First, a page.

Can You Hear Me Now?

Ground Station Antenna

Imagine feeling that you are lost in space.  In the early days of spaceflight, Mission Control couldn’t always talk to the Astronauts, leaving them feeling out of touch with Earth.  The silence must have felt eerie.

Communication in those days had to be sent and received by ground stations which were part of the NASA Spacecraft Tracking and Data Acquisition Network.  This network consisted of stations spread around the globe but there were gaps between stations.

When I got to NASA in 1978, I recall looking at the huge map on the front wall in Mission Control.  It showed where the Shuttle was in its orbit and path around the world.  The map also showed areas over the middle of the Atlantic Ocean and the Pacific Ocean where there could be no communications with the ground.  These areas were marked with the letters LOS and AOS which stood for Loss of Signal and Acquisition of Signal.

Mission Control Map

When I began to work in Mission Control, I had to remember that we couldn’t talk to the crew during those times.  We hurried to get important messages up to them before LOS and had to wait patiently for their reply at AOS.  When they were in this “dead zone” we had to guess what the crew would be doing and what they were most likely to want to know when we could communicate with them again.  There was always the fear that something dire had happened during these times and a relief when we heard voices out of the void.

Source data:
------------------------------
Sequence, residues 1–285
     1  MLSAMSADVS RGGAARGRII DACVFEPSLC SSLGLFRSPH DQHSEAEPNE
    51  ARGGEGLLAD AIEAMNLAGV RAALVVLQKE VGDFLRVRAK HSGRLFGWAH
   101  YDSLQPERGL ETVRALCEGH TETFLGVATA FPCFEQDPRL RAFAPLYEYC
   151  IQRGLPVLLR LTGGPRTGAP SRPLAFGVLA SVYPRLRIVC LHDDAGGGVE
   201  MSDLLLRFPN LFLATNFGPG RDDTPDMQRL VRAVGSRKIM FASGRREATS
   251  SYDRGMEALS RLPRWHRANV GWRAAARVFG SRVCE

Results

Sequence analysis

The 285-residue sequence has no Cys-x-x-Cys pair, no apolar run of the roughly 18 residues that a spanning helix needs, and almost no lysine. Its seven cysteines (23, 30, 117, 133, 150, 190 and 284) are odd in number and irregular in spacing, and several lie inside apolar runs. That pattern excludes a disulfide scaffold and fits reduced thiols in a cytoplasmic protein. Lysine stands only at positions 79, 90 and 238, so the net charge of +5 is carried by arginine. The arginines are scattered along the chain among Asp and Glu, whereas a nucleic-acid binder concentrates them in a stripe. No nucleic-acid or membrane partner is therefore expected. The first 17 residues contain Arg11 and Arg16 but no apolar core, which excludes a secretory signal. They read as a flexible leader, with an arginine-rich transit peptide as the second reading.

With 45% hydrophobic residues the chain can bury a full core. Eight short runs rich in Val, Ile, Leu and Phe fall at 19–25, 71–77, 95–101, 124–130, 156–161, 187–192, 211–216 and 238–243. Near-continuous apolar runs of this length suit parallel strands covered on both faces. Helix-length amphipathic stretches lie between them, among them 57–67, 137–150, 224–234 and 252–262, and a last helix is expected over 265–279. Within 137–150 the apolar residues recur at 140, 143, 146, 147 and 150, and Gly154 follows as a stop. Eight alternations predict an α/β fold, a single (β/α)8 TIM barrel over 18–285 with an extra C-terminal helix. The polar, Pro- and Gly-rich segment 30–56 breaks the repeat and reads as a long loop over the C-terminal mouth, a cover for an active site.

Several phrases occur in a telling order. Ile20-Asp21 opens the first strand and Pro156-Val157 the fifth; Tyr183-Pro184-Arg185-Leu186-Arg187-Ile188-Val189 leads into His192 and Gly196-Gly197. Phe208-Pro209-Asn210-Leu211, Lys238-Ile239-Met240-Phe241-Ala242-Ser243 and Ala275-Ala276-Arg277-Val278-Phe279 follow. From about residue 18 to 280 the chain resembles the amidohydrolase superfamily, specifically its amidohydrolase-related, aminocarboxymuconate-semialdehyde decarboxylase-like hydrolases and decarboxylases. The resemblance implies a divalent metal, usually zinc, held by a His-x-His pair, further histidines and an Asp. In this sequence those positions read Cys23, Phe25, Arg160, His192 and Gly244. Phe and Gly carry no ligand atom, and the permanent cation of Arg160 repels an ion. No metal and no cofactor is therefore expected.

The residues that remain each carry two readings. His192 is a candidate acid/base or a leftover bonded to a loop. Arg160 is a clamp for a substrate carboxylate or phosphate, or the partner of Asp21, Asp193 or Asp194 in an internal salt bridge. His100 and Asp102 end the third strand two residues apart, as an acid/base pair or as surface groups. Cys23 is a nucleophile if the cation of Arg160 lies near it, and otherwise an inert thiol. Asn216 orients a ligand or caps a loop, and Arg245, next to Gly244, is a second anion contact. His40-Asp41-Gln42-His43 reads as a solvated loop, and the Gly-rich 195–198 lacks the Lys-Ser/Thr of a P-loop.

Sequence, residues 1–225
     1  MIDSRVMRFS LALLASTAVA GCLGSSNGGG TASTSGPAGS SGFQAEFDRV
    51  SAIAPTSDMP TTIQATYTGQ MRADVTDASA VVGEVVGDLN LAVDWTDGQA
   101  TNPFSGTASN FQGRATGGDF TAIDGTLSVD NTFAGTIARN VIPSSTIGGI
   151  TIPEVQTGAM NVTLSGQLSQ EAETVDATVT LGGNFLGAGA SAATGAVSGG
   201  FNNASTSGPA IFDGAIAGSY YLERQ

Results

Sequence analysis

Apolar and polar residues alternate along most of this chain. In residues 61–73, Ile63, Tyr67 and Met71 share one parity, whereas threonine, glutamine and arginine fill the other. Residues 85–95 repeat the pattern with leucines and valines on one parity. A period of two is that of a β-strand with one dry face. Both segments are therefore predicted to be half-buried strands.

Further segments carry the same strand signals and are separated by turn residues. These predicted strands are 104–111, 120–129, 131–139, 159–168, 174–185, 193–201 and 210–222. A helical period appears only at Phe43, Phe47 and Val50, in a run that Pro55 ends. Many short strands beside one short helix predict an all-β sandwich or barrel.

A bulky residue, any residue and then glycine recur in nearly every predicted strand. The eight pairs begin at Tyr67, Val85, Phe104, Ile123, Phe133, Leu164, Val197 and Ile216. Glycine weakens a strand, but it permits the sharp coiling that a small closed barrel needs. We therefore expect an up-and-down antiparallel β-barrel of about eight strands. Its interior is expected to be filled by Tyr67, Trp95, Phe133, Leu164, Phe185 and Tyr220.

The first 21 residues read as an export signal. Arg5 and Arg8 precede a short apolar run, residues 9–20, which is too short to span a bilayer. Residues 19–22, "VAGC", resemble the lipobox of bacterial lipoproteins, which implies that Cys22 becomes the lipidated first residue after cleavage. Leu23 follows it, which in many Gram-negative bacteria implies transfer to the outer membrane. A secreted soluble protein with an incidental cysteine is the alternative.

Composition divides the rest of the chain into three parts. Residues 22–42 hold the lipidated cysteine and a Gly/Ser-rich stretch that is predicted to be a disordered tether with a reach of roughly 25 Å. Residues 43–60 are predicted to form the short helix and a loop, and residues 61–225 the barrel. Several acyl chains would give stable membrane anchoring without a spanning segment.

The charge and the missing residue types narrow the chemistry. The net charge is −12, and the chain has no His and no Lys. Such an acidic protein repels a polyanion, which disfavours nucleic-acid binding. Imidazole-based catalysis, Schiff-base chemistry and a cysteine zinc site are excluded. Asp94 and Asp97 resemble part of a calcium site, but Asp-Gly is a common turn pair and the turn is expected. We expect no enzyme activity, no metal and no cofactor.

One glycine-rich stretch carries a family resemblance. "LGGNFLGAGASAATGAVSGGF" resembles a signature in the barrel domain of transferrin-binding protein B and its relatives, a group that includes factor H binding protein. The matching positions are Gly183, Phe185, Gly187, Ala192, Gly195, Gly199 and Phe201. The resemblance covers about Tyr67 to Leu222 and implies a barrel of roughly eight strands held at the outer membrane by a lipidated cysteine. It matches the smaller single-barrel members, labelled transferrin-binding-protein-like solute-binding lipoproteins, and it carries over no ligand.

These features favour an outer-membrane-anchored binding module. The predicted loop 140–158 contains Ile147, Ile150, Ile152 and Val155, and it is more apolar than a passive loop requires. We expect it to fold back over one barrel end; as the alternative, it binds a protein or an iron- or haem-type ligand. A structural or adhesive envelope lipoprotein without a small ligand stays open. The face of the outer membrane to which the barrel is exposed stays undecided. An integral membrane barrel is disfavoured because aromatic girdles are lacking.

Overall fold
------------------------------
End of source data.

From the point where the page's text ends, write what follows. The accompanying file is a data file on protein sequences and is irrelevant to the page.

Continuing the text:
Plasma shield during reentry

Another problem was that the Shuttle could not communicate with the ground at all during reentry because of the heat of the plasma on the belly of the vehicle. It was nerve wracking not to have information on the vehicle during this fiery drop into the atmosphere.

TDRS deployment

NASA understood that communicating through ground stations with such large gaps was not optimal and they began to study how to place space-based communication satellites in high orbit which could relay messages from the ground down to vehicles in orbit.  These satellites were called Tracking and Data Relay Satellites or TDRS.  The first, TDRS-1 was launched on STS-6 in 1983.  Sadly, the second of these satellites was lost in the Challenger accident in 1986.  The next was launched on STS-26, the Return to Flight mission.

On my husband’s second flight, STS-27, the crew could communicate though the Shuttle’s upper antennas with the TDRS. It was the first flight to have good communication with the ground all the way though reentry.  That was a wonderful improvement for those of us in Mission Control who were anxiously awaiting their calls that everything was going well on their red-hot ride home. —Rhea

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1 Comment

  1. Not too many of the early astronauts who did CAPCOM in the Waimea Tracking Station on the Hawaiian island of Kauai seemed to complain too much about that location, but few were that exotic. It doesn’t look like Waimea was used much beyond the early Gemini flights. During Apollo the ultimate LOS area was on lunar farside, which created many occasions of comm blackout during critical mission steps like lunar orbit insertion or Earth return engine burns. Perhaps a lunar comm relay satellite or Lunar Gateway will eliminate this comm out area during Artemis.

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